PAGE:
British hand over Sangin after four years of bitter war
The handover of Sangin yesterday was an occasion of symbolism and resonance for the British mission in Afghanistan.
The ceremony, in a morning of dusty Helmand sunshine, brought to a close a four-year operation in an area where UK forces have been involved in ferocious fighting — this tiny stretch of land claiming almost a third of the 337 British lives lost so far in this war.
The US Marine Corps, whose strength in Helmand is already double that of the UK force, took over yesterday from 40 Commando Royal Marines, who will redeploy to central Helmand.
The British exit from Sangin has led to criticism from some quarters and analogies being drawn with Basra, from where British troops pulled out, forcing the US Marines to take over.
There are also likely to be complaints that “blood and treasure” (lives and financial investment) expended by the British forces have been wasted.
Sangin is the last of the formerly British-controlled towns like Musa Qala, Kajaki and Garmsir to have passed into the American sphere of operations. These places, too, had provided some of the most significant chapters for the British deployment.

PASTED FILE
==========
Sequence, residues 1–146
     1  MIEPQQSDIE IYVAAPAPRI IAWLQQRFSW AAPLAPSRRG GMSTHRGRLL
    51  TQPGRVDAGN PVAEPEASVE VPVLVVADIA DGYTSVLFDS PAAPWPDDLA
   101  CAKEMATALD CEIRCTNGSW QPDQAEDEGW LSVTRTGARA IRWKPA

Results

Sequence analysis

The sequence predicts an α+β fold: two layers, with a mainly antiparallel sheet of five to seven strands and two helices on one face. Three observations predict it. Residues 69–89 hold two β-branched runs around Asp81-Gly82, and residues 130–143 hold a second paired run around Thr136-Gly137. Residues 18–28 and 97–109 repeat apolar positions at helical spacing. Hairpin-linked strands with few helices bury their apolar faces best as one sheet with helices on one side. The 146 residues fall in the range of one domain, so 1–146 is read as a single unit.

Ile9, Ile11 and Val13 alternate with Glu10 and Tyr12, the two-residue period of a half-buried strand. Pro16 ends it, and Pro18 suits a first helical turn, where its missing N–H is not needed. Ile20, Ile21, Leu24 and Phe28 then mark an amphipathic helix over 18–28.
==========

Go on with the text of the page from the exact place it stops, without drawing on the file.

Musa Qala was taken over by the Taliban after a controversial deal with local elders. Garmsir changed hands repeatedly in bloody fighting. But Sangin had totemic resonance because of the sheer scale of the violence.
The British could, theoretically, have divested themselves of Sangin, and the losses that came with it, earlier. But here a sensitive chapter in Anglo-American relations came into play.
There is little doubt that senior officers in the US military were critical of the way UK forces conducted themselves towards the end of their deployment in Iraq — letting militias impose a brutal regime in Basra and then withdrawing altogether.
So holding Sangin, one of the most dangerous places in Afghanistan, was, some in the UK military hierarchy felt, recompense for what happened in Basra.